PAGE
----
Album Review: Jlin—“Free Fall”

By Adam Piotrowicz

Jlin is a name to watch out for in 2016. Born Jerrilynn Patton, the Gary, Indiana producer’s aggro-futurist take on the Chicago footwork sound is a ray of light among the massive shadow cast on the genre by the death of the pioneering, iconic DJ Rashad in 2014. And while the TEKLIFE Crew certainly carries Rashad’s spiritual torch into new territories, a lot of the originality I associate with Jlin’s style comes from the distance between herself and the timbres and general sampling choices associated with footwork. Her production ends up having more in common with being battered by the innards of a Mortal Kombat cartridge (Death Grips, anyone?) than the smoked-out and syruped-up aesthetic of tracks by DJ Rashad, DJ Spinn and other Chicago long-timers. Spiritually, Jlin’s stuff is without a doubt rooted in footwork, but rips the style’s form away from familiarity.

jlin-free-fall[1]

Album art for Free Fall

Jlin’s debut album Dark Energy, released last year on Planet Mu, brought her buzzsaw attack of video game-influenced textures to widespread critical attention. Planet Mu head honcho Mike Paradinas has successfully curated a footwork archive of sorts for about a decade at this point – the excellent Bangs & Works compilations are a fantastic starting point for those unfamiliar with the Chicago juke/footwork style, and also feature two of Jlin’s earliest tracks (“Erotic Heat” and “Asylum”). Jlin’s placement in a roster alongside footwork’s O.G. and arguable founding father RP Boo, amongst others, makes Planet Mu a summary of the past, present and future inclinations of footwork.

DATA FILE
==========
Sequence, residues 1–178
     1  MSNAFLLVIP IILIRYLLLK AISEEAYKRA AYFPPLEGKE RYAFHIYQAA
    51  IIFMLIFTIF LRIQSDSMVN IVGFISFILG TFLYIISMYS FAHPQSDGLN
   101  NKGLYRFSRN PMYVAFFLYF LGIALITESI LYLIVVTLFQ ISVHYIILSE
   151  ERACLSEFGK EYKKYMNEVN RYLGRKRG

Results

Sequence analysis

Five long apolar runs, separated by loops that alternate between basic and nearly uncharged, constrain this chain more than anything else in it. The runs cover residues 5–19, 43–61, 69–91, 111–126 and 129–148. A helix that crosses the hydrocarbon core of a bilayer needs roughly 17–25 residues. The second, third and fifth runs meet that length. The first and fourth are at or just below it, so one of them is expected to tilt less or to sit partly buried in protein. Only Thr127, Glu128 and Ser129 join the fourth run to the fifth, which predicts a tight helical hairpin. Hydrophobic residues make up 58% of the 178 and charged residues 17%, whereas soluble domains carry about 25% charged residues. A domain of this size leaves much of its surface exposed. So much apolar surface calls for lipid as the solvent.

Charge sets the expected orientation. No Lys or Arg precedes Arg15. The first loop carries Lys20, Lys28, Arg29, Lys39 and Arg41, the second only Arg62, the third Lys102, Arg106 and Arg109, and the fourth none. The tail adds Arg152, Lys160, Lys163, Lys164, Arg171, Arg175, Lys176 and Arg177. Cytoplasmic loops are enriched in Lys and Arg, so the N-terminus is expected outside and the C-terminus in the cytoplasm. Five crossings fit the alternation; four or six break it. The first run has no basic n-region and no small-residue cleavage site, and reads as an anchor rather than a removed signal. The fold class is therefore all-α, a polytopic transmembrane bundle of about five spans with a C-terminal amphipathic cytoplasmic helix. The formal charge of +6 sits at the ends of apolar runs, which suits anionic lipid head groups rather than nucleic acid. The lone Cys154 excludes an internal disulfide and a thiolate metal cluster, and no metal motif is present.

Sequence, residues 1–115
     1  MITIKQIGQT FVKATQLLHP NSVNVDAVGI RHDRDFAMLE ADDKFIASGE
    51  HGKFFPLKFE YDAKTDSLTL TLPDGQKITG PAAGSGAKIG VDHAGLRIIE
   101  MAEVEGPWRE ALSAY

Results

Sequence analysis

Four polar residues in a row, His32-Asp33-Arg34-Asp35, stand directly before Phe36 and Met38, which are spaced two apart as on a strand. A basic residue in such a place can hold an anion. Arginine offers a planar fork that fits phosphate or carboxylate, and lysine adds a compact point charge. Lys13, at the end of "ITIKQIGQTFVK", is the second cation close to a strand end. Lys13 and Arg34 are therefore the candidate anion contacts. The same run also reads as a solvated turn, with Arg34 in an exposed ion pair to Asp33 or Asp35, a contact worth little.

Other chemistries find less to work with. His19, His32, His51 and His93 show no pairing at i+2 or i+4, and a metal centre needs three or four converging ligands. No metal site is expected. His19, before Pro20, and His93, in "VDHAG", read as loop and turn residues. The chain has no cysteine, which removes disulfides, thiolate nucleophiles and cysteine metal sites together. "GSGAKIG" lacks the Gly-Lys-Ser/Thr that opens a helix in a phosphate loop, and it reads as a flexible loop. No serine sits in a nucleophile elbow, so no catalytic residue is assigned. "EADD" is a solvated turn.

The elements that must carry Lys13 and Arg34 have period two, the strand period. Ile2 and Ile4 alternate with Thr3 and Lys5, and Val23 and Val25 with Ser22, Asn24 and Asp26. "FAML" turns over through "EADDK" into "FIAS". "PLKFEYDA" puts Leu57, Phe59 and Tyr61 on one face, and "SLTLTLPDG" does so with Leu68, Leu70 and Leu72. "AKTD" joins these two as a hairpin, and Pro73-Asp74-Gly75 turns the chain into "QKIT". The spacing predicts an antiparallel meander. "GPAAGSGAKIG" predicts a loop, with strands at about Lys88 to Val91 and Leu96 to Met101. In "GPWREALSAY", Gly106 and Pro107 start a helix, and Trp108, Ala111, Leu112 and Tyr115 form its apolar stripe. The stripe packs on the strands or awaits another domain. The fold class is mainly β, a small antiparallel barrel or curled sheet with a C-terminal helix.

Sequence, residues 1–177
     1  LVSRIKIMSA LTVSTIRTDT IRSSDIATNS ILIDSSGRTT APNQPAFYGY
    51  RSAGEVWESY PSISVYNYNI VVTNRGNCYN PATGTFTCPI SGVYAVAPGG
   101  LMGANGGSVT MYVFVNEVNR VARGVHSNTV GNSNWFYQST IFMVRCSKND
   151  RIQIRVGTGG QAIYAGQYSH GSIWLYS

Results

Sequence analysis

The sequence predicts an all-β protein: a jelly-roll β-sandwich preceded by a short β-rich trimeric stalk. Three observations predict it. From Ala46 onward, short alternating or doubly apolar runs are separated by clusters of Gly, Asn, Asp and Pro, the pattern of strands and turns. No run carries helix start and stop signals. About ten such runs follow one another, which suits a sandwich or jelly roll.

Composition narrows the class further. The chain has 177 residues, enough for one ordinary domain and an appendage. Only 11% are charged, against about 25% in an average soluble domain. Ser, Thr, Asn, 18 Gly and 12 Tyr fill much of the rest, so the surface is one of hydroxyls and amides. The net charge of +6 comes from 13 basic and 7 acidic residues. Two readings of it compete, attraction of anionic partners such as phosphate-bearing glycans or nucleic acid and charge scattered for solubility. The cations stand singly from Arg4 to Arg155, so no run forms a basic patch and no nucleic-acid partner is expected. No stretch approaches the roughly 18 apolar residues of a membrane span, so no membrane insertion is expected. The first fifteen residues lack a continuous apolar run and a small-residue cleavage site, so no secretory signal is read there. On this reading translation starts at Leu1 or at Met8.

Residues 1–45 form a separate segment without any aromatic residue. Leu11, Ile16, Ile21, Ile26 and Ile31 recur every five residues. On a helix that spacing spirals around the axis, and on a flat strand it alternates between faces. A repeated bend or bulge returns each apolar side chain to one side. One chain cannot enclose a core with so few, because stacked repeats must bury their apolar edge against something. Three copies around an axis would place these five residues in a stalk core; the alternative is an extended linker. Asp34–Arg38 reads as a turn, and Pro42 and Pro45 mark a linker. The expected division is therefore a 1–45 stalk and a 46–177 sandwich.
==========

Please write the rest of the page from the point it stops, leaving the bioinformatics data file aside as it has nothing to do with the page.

Free Fall is mainly a continuation of the explorations showcased on Dark Energy, introducing a few new tricks but also tipping the hat towards footwork’s roots. The freak-geek crystallizations of opener “Eu4ira” begin with a venomous, shrilling keyboard lick that quickly breaks into the essence of the footwork battle, complete with throbbing bass and hi-ranged percussion that demands a fighting stance. “I Am The Queen” closely resembles Dark Energy’s “Guantanamo”, turning a film audio excerpt into the framework of a track’s worth of post-Chicago pulsating aggression. The RP Boo-sampling “BuZilla” is a subtle nod to footwork’s historical lineage, but without becoming weighed down by the implications of such a reference.

Like the rest of Jlin’s work, Free Fall is an honest and exciting artistic statement, emerging from nowhere else but a personal drive to create. The fierce and personal nature of Jlin’s music flies in stark contrast to the utilitarianism and community-oriented aspects of Chicago’s footwork scene, and stands as a testament to her uniqueness as an artist.

The EP is fresh, exciting, and recommended for existing Jlin fans and newcomers alike. Clocking in at under twenty minutes, Free Fall is but a tiny glimpse of what’s to come from the forward-thinking Gary producer. Give it a spin and you’ll agree: the world needs to hear more.

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